Let me tell you a story. Imagine you're out walking and you come upon a construction site. You ask the first person you encounter, "What are you doing?" He says, "I'm making $12 an hour." You continue on, stop at the next person, and again ask, "What are you doing?" This worker says, "I'm a stone mason. I'm building a wall." You walk on and pause beside a third individual. You ask the same question, "What are you doing?" He looks up, smiles and replies, "I'm building a cathedral to the greater glory of God."
Each of these workers is doing the same job but they have very different visions of the work. Which vision of police work do the recruits or officers you lead or train have? Are they earning a paycheck, feeling pride as a professional, or do they see the importance of their work in something that has greater and lasting meaning than even their career? Do you think their vision influences how they do their job? Do you think it might influence how they respond to your leadership or training?
How might you help the recruits or officers you lead and train see themselves as building a cathedral to the greater glory of protecting and serving others? What if you told them this story? What if you asked them which vision they had regarding policing? Regarding the training? Did they ever feel that policing was "building a cathedral?" When? If they don't still feel that way, when did they start to change? What caused the change? What if you continued and asked them who is responsible for how they view their job? The training? Who can change their view? Do they think their view of their job might impact anyone else? Who? How? Do they want to impact these people this way? How might they regain the vision of building a cathedral in their work?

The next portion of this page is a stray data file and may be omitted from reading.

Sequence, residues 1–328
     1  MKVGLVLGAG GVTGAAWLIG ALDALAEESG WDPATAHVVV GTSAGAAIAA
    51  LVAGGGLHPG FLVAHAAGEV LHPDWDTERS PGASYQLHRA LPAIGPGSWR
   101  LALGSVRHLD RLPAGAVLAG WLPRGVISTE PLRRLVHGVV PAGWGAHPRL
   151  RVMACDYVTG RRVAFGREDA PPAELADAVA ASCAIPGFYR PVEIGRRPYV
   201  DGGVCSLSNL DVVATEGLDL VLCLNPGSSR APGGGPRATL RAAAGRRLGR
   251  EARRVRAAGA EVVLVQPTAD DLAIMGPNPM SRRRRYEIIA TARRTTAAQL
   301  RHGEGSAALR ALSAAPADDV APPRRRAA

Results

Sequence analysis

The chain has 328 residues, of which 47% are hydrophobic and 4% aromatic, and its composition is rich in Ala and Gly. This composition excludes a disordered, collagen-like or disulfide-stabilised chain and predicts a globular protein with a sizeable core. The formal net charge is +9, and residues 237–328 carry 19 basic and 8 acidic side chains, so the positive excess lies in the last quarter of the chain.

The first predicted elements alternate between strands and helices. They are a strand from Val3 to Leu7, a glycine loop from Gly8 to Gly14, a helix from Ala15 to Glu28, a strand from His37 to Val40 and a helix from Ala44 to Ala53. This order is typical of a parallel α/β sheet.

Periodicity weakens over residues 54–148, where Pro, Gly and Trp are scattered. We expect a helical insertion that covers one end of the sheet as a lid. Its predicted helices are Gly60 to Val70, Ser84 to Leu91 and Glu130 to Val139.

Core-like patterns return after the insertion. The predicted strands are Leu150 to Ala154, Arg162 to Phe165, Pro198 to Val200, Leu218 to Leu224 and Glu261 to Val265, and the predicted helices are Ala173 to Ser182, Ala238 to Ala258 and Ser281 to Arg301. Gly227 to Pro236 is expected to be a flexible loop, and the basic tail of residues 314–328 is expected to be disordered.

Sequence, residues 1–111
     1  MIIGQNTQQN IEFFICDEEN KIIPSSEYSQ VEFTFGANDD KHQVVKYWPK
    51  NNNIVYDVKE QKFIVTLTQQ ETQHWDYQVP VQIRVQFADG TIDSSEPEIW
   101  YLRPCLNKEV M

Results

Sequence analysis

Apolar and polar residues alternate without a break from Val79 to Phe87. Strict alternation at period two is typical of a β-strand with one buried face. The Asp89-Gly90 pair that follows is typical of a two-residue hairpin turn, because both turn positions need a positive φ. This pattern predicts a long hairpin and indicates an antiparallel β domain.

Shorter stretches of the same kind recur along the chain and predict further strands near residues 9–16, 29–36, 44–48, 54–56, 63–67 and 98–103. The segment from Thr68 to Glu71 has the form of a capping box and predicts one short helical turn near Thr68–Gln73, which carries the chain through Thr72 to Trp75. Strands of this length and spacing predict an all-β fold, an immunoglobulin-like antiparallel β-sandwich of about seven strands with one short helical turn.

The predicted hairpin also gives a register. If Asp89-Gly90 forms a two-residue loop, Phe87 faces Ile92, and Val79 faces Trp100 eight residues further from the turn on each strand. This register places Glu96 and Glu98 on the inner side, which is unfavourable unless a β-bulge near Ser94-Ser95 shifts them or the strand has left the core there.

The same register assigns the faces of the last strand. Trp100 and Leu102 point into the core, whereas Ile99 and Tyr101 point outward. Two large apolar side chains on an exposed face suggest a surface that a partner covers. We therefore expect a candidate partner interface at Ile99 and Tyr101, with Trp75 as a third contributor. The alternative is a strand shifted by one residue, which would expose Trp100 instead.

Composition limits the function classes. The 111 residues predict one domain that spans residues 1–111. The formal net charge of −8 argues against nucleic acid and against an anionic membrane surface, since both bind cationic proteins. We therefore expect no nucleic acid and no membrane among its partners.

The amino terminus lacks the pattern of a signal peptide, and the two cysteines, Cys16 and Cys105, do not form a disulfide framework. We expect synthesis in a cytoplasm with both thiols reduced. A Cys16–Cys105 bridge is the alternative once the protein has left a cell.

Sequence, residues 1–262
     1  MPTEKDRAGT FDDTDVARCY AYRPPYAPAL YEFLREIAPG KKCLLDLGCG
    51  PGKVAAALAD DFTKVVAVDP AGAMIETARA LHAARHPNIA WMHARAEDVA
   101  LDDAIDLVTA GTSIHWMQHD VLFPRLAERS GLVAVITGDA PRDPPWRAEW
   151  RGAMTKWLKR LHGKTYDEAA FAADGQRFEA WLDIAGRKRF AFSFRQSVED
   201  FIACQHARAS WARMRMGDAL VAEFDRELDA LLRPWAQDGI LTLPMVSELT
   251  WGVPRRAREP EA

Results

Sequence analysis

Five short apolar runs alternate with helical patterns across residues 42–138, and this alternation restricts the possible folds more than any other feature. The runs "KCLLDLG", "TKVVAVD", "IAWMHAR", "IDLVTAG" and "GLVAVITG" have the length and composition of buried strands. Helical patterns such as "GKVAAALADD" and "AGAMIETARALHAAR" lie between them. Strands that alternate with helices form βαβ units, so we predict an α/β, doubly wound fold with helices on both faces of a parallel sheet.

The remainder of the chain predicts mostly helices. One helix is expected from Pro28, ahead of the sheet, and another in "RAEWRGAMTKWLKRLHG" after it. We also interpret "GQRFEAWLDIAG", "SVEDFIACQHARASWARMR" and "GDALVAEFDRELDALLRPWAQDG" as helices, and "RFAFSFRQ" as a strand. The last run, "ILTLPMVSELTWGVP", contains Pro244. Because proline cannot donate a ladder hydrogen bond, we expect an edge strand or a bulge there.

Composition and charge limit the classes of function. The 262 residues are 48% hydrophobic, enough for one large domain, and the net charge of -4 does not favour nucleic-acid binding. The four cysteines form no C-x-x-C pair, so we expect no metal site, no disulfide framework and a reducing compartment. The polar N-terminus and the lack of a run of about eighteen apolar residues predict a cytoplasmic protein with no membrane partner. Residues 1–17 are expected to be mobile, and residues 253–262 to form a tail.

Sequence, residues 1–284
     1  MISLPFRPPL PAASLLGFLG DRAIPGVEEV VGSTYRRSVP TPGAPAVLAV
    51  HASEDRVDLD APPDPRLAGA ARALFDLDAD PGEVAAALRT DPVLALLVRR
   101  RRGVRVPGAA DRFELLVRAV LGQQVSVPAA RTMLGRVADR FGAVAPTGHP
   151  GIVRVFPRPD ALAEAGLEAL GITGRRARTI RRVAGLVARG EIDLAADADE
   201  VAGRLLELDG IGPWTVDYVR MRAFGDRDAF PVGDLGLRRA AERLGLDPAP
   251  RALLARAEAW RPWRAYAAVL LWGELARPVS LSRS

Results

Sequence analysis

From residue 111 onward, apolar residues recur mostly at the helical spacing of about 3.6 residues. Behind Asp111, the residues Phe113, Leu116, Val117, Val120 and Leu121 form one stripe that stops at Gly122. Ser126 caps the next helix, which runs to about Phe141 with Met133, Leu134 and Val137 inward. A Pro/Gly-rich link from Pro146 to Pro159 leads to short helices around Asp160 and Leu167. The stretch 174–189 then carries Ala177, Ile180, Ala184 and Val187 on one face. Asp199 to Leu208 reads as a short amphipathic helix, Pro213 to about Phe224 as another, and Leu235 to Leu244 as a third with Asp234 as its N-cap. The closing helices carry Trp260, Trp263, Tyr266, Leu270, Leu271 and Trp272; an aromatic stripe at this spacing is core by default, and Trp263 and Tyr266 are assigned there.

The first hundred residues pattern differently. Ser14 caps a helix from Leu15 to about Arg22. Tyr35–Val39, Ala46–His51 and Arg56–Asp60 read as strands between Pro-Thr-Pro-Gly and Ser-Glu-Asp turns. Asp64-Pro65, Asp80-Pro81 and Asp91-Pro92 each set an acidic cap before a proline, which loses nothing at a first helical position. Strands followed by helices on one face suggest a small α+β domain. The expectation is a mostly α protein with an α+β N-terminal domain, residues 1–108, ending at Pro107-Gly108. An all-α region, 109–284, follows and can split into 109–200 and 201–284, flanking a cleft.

NOW--let me ask you, what is your vision of your job? Are you earning a paycheck, taking pride as a professional? Or are you building cathedrals? If you're not building cathedrals, put yourself through the rest of the questions you might pose to officers.
What just happened here? You were told a story. And then you were debriefed on the story with questions intended to pull you in, to have you connect the story to your life and work experience, to help you see how you might apply the story in your law enforcement leadership or training. If you had been in a meeting or training where this story was told, as soon as you heard, "Let me tell you a story," you likely would have put your pen down, relaxed in your chair and opened up your body posture, you would've taken the words in.
When was the last time you overheard anyone leave a meeting or training and talk animatedly about a bulleted PowerPoint slide? Great leaders have always understood that storytelling, when done well and appropriately, is a powerful tool.
To tell stories well, you must learn them and practice aloud. There is no quicker way to extinguish the light of a story than to drone on and read it verbatim. You must get off the page. Explore the dramatic range and possibility of your voice and body in the story. Are there multiple characters? Vary your voice to express that. Use movement to portray the action of the story, including bringing the story out into the audience or pulling them into it by proximity, touch and gesture.
To tell stories appropriately, you must know why you are telling them. There is nothing that gives storytelling a worse rap than leaders and trainers who go on and on with "war stories," especially ones in which they star, as a substitute for content and meaning. Regardless of the purpose of your story, it must serve your topic and mission. Information, insights and applications that are self-discovered through a story and its debriefing not only develop critical thinking skills--essential to modern policing--they stick with us.
To maximize the punch of stories, they should be debriefed with officers or recruits. Stories can be debriefed through questions, as was done with "Building a Cathedral," above. Questions invite the listener to engage with the story and create something new and meaningful with the speaker. If you're not doing this after a story, perhaps it's because the story is all about you, or not really relevant to the topic.